Ecommerce sales have skyrocketed in 2020 and many companies are struggling with quality control issues. This article will explain the importance of improving ecommerce quality control and provide some best practices. From simple steps like a product inspection to thorough overhauls of your supply chain, there's lots of space to improve your brand's quality control and profitability. 

Best Practices for Improved Ecommerce Quality Control

1. Always Start With an Approved Sample

If a sample doesn’t reflect your requirements, the process of turning it into a product won't go quite as planned. Quality control begins with a sample. You should ensure that your samples stand as gold standards before you use them to make more products. 

Alongside approving a sample, you'll also need to draw up and maintain specifications for your products. This helps ensure consistency as each product is made. 

2. Conduct a Factory Audit

Before you agree to work with a potential supplier, make sure to conduct an audit of their factory and processes. Hiring a professional auditor to conduct a supplier audit can help you identify any potential problems and manage your expectations. Examples of things your inspector will investigate include:

  • Factory profile and experience
  • Employee workforce
  • Facilities, machinery, and equipment
  • License and certifications
  • Quality management system

The results of a factory audit will tell you how your supplier operates and what kind of quality you can expect - or not expect - from your potential supply chain partner.

3. Get Aligned on Expectations

Your supplier is not a mind reader. Never assume that they know what your standards are unless you have made them explicitly clear.

It’s important to communicate and get aligned on expectations from the very beginning of your relationship. You should also have exact specifications documented somewhere that both parties can easily access. Don’t use vague terms or general descriptions either; It’s important to be specific.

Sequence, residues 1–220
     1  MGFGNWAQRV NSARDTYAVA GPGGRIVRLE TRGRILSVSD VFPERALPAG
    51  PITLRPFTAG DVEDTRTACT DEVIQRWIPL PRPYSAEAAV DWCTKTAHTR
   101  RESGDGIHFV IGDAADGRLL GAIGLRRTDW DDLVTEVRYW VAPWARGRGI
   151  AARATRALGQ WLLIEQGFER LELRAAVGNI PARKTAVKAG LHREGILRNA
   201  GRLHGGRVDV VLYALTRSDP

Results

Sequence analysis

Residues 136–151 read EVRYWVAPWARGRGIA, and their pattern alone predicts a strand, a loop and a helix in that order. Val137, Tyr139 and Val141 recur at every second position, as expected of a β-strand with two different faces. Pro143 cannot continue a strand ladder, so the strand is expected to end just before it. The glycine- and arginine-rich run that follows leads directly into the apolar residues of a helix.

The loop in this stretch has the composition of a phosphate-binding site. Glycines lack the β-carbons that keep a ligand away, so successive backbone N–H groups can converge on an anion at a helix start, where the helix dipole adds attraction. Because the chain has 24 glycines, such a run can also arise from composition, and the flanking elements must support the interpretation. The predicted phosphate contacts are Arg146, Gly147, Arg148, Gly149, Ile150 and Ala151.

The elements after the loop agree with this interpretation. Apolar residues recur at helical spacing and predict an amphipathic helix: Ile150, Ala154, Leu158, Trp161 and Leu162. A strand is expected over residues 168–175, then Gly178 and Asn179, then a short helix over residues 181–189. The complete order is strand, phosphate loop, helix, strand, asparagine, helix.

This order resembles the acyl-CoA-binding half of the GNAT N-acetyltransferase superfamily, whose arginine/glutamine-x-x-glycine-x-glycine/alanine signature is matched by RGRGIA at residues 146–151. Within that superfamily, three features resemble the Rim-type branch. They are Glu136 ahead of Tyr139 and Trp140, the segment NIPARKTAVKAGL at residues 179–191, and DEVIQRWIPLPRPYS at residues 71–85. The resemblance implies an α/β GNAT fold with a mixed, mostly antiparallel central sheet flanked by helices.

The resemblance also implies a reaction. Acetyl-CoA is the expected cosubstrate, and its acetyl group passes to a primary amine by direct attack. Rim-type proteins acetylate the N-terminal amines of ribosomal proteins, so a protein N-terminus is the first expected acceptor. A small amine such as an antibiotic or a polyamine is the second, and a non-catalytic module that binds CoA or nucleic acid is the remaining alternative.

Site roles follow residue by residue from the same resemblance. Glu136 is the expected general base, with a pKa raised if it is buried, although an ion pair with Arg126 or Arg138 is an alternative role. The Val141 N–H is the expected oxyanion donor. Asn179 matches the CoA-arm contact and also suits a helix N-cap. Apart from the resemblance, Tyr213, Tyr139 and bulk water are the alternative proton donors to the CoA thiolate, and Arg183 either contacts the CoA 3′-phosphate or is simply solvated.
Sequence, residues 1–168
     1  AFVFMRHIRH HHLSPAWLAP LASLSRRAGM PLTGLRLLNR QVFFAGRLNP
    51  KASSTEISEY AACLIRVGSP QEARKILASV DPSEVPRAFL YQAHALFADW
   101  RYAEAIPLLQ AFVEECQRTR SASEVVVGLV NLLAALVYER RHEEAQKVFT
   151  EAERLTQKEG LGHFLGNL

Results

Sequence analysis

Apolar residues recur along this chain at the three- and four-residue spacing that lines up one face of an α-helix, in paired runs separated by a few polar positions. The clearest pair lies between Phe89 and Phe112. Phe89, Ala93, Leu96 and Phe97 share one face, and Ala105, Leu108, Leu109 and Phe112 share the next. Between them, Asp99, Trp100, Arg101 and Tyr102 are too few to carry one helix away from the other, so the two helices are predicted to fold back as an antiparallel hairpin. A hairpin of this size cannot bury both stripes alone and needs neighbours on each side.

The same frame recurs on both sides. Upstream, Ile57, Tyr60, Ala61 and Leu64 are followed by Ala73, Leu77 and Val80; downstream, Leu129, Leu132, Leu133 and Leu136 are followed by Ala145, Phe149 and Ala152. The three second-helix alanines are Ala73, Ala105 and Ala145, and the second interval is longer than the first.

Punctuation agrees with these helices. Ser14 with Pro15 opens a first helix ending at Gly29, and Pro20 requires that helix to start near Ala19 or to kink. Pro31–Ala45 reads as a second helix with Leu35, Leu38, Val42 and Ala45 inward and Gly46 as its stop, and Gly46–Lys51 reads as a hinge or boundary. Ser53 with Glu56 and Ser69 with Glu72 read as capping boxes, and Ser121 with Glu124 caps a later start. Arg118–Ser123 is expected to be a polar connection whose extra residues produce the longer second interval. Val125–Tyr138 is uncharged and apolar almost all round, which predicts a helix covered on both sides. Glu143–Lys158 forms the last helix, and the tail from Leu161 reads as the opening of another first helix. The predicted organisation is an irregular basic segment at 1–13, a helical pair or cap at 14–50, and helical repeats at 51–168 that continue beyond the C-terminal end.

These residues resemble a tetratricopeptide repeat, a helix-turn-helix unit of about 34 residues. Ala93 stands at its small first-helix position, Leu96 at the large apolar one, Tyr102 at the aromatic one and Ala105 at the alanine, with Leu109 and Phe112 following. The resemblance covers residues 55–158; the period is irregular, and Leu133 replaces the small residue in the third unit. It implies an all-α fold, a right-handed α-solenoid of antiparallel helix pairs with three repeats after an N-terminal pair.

Examples of how to communicate specifications to your supplier include:

  • Make sure to state the exact color. This means stating a specific shade and even referencing the pantone code.
  • Provide exact dimensions. For example, state 2.54 inches instead of 2.5 inches. 
  • List out the specific materials to be used for each component. Aligning on an approved Bill of Materials (BOM) is a good way to do this.

Making sure both parties know exactly what the expectations are can help prevent or reduce quality control issues down the line. 

4. Perform Ongoing Testing

Quality control is an ongoing process that you’ll need to stay on top of as long as you are doing business. Just because you conducted a factory audit and set clear expectations doesn’t mean everything will go smoothly from here on out.

You’ll want to conduct ongoing tests to ensure your product quality is up to standard. This includes the following:

  • Order your own product and perform a self-inspection.
  • Make sure the product itself, as well as the packaging, meets specifications.
  • Perform safety tests to ensure your product is safe.

You might be perfectly happy with your product and supplier, but that doesn’t mean things won’t change. It’s important to stay vigilant and catch defects before your customers do.

Asia Quality Focus: A User-Friendly Approach to Quality Control 

At the end of the day, quality control issues will always come back to you, not your supplier. This is why it is important for ecommerce brands to take a proactive approach to quality control and exceed customer expectations for the sake of protecting their reputation. 

At Asia Quality Focus, we leverage more than a decade's worth of experience to help global customers achieve quality control. Learn more about our approach to manufacturing quality control in this FREE QC Checklist!

'5 Essentials of a QC Checklist' - eBook


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